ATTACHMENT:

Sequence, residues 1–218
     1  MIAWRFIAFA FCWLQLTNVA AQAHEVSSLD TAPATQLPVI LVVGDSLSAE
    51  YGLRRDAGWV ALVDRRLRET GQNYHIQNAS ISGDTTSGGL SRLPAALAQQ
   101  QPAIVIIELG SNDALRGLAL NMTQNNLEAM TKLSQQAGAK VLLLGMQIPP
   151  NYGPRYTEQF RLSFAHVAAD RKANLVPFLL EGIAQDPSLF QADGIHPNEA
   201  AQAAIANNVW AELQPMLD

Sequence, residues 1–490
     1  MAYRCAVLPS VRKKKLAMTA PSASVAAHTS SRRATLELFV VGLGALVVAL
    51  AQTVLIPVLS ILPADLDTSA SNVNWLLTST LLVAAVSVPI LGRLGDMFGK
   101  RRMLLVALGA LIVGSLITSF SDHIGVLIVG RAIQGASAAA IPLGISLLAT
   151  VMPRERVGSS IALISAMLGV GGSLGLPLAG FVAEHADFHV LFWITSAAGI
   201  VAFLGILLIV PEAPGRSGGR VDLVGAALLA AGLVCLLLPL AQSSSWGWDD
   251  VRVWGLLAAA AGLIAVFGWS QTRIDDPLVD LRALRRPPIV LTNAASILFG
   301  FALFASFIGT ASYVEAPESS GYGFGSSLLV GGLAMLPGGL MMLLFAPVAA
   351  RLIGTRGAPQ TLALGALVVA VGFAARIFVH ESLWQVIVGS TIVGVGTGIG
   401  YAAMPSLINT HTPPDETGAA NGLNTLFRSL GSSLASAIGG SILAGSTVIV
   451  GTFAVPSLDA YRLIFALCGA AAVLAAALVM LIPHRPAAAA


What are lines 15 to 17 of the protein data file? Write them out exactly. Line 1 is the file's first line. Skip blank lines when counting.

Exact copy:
   351  RLIGTRGAPQ TLALGALVVA VGFAARIFVH ESLWQVIVGS TIVGVGTGIG
   401  YAAMPSLINT HTPPDETGAA NGLNTLFRSL GSSLASAIGG SILAGSTVIV
   451  GTFAVPSLDA YRLIFALCGA AAVLAAALVM LIPHRPAAAA